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  1. #161
    Member UCMWINGS's Avatar
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    Quote Originally Posted by lonetracker View Post
    how would you attach the bead?you could larkshead it onto a continuous loop.you could biuld the bead into a continuous loop....there is possibilities. if i had some large beads i would tie...
    Maybe take both ends through the bead then back around the bead, through the cord then bury.
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  2. #162
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    Quote Originally Posted by Just Jeff View Post
    Very good question. It would definitely hold...how much weight is the big question. Sounds like a good project for Schneiderlein if he can get some more time on the machine.

    These would be much easier to make, and probably easier to use.
    I made one with the larkshead. Definitely easier to make, but not by much. I think it is more difficult to use and has to be made longer than the spliced version. Will probably add 0.5g Biggest advantage I see is that you can make them in the field without a splicing needle. If there is interest and people want to use them this way, I'd be happy to test one like that next time I go to the place, which will likely not be before May.

  3. #163
    Senior Member Albert Skye's Avatar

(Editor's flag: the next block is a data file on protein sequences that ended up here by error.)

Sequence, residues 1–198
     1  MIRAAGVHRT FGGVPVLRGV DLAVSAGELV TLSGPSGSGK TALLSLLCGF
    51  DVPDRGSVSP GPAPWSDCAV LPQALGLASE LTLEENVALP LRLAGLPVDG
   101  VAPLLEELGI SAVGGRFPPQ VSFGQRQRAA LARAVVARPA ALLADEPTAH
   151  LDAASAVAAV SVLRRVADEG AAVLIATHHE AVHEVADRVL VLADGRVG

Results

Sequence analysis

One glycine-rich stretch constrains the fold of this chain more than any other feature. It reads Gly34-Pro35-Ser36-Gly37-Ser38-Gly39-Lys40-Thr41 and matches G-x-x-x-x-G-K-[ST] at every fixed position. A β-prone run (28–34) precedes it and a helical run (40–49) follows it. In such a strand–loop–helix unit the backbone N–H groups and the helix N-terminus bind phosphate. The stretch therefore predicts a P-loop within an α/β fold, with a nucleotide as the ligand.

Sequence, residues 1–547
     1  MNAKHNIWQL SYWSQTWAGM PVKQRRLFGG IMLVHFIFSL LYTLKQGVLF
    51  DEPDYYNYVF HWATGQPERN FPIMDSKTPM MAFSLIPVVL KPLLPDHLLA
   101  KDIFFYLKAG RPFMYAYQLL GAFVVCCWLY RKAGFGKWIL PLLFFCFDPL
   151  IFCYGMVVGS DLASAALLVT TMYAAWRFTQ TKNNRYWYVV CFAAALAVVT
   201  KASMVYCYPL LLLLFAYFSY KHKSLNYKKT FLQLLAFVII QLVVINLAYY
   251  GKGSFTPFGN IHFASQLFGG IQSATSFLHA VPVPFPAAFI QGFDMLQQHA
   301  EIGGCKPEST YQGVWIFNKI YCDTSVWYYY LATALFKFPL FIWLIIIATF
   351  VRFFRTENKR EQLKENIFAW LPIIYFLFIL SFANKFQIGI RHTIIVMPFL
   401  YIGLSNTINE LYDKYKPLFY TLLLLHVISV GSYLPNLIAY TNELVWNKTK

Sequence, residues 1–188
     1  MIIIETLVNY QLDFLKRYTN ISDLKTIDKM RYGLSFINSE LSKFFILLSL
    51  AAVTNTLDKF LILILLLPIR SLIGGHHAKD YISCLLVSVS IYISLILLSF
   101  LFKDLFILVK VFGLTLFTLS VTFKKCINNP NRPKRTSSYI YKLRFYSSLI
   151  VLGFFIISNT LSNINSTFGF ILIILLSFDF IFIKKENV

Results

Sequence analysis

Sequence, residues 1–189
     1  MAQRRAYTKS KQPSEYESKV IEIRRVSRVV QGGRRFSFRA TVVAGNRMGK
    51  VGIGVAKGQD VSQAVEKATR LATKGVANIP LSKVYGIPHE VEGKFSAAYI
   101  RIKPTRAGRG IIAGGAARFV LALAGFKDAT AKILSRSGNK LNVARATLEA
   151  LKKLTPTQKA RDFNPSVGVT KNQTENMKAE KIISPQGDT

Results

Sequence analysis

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    Quote Originally Posted by Seleggs View Post
    What would be the effect of not creating an adjustable loop with a bury or a passthrough and making the loop by larksheading the end opposite the diamond knot around the line before the knot.
    Good call. Kite surfers use that method for attaching control lines to the "pigtails" of the kite (short loops with a series of overhand stopper knots providing several positions for some adjustment of pitch).

    It may not seem as elegant as the pass-through loop but I think it should actually be stronger and more secure. Don't take my word for it though. Test!


  4. #164
    lonetracker's Avatar
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    Quote Originally Posted by UCMWINGS View Post
    Maybe take both ends through the bead then back around the bead, through the cord then bury.
    i can picture it.it would work i think.could use a seperate bead as a stopper.
    also could double as jewelry then

    Quote Originally Posted by Seleggs View Post
    What would be the effect of not creating an adjustable loop with a bury or a passthrough and making the loop by larksheading the end opposite the diamond knot around the line before the knot.
    good idea


    i like the flurry of ideas.brainstorming is fun.
    i am allmost out of amsteel,have more then enough of these tied.no two are alike though

  5. #165
    Senior Member Just Jeff's Avatar
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    That's b/c HF is a forum of innovators...
    “Republics are created by the virtue, public spirit, and intelligence of the citizens. They fall when the wise are banished from the public councils because they dare to be honest, and the profligate are rewarded because they flatter the people, in order to betray them.” ~Judge Joseph Story

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  6. #166
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    Quote Originally Posted by Albert Skye View Post
    It may not seem as elegant as the pass-through loop but I think it should actually be stronger and more secure. Don't take my word for it though. Test!